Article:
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Sensitivity and Uncertainty Analysis of the QUAL-TX Model to Aid In the Management of the Lower Colorado River, Texas

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Environmental models, even relatively simple ones, have uncertainty. A practical method for assessing the uncertainty of a given model is the use of Monte Carlo Simulations (MCS), which provide an understanding of the distribution of potential model outputs given a distribution of different model inputs. This presentation will describe the analysis and present specific results for a sensitivity and uncertainty analysis of the QUAL-TX model, which is similar to the nationally more widely used QUAL2E model. The QUAL-TX model, which is a steady-state BOD/DO/nutrient model, was developed and calibrated to a river in central Texas. The primary constituent of concern for the modeling effort was dissolved oxygen. The objective of this effort was twofold: 1) to determine the sensitive parameters that most affected the dissolved oxygen results of the model and 2) to estimate the uncertainty in the model output using a MCS. In particular, the concern was to obtain an understanding of the predicted remaining assimilative capacity of the river for dissolved oxygen (i. e., the amount of dissolved oxygen (in mg O2 /L) above the state criteria remaining). For the sensitivity analysis, a base case of a standard state "permit evaluation" run was established using the calibrated model at critical summer low-flow conditions and all permitted dischargers at their fully permitted limits. The sensitivity of the model's predicted dissolved oxygen concentration was determined by performing a one-at-a-time parameter value change for 63 parameters within the model. For each of the 63 parameters, the value was set at its maximum and minimum to determine the model response to the extremes, resulting in 126 model runs. The parameters chosen to vary included reaeration, sediment oxygen demand, and BOD decay rates, as well as uncertain model input, such as wasteload concentration and headwater (i. e., upstream boundary) flow rate. Spider plots showing the slope of the change in assimilative capacity of the river vs. percent change in parameter value were plotted in order to determine the parameters with the greatest impact. Once the most sensitive parameters were selected from the sensitivity analysis, a MCS was performed to obtain a frequency of dissolved oxygen criteria violation, given the parameter uncertainty. The MCS considered the chemical or biological parameters that are uncertain and sensitive. The intent was to understand the effect of parameter uncertainty for those model parameters that are "beyond management control" without additional field data to constrain their ranges. From the 63 parameters tested, 15 were chosen as sensitive to the dissolved oxygen results. Of particular interest were reaeration and sediment oxygen demand, which showed the most impact on the model results. Results of the MCS indicated that under the future permitting conditions, flow regimes will be such that the dissolved oxygen standard will be not be met a majority of the time. As a result, although there is uncertainty in the modeling result, the future water quality of the river needs to be considered when managing future growth and water needs. This result aided the decision makers in developing a water management plan that would protect the river, while trying to address the needs of the surrounding communities. The sensitivity analysis also aided in understanding the model parameters that would be most important to refining the model calibration.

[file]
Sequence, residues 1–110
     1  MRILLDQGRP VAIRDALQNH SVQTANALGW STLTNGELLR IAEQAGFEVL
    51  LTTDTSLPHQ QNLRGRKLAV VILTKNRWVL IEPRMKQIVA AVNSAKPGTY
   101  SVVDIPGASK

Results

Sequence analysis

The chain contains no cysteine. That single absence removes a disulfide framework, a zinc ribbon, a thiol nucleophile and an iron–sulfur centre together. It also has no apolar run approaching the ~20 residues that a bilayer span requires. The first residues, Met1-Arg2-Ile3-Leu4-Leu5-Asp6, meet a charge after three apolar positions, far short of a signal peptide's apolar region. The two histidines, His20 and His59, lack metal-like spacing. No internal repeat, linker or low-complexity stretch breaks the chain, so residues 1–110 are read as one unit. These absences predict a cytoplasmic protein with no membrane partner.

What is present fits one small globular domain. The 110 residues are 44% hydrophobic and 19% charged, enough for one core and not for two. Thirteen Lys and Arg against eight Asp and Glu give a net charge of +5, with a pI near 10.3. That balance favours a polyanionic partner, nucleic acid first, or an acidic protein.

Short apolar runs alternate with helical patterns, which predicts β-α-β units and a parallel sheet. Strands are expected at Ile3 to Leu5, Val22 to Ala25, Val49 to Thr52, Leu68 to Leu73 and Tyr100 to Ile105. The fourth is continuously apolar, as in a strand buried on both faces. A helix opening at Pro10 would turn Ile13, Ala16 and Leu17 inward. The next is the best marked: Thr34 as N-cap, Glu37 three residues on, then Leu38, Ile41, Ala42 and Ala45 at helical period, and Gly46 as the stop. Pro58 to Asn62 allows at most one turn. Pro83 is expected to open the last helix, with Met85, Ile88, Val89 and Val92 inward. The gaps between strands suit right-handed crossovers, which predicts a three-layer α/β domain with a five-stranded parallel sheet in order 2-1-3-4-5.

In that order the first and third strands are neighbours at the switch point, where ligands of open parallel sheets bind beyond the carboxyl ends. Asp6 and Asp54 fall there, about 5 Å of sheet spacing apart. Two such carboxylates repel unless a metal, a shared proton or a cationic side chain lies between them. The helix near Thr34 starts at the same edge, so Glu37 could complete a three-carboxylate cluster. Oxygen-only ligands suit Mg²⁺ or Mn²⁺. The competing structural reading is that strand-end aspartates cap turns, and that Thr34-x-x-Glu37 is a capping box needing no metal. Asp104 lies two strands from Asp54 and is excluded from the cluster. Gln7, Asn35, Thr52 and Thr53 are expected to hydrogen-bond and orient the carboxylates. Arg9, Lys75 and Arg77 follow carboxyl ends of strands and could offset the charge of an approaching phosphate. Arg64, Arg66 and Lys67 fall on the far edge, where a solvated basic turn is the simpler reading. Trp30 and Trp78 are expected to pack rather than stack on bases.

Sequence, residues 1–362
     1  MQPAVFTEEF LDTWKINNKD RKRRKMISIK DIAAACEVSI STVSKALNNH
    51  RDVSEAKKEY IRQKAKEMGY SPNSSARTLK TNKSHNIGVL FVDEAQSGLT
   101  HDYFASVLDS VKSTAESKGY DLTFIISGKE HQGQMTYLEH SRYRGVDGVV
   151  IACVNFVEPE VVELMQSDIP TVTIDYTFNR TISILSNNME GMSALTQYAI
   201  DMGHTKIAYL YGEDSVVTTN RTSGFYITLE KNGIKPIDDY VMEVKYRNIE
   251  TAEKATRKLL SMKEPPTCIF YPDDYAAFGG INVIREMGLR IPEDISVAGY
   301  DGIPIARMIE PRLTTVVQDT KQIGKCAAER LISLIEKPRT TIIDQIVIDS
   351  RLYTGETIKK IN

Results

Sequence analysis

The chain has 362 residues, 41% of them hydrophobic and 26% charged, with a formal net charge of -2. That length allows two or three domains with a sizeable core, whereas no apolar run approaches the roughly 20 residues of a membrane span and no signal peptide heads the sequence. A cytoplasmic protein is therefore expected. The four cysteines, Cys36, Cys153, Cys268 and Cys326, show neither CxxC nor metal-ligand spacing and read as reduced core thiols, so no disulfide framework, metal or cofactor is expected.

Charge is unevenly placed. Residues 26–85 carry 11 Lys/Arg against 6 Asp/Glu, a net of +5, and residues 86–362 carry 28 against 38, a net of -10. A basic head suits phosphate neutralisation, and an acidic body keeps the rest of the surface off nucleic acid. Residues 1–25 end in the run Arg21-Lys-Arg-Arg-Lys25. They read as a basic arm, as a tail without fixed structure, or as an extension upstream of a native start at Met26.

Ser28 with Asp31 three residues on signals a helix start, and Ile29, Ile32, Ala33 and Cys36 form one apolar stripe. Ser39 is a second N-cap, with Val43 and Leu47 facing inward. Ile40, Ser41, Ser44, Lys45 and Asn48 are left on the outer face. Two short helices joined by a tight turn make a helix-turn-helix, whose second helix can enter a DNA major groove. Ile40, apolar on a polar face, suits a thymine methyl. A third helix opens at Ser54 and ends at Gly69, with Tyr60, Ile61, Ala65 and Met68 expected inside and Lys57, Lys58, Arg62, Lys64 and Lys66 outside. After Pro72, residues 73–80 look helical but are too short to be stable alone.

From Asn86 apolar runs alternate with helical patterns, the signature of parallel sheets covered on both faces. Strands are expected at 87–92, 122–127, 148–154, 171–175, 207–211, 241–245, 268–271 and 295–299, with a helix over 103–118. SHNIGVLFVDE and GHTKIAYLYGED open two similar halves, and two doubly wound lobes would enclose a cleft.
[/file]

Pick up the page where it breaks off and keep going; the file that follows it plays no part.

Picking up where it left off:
Document Type: Research Article


Publication date: October 1, 2007

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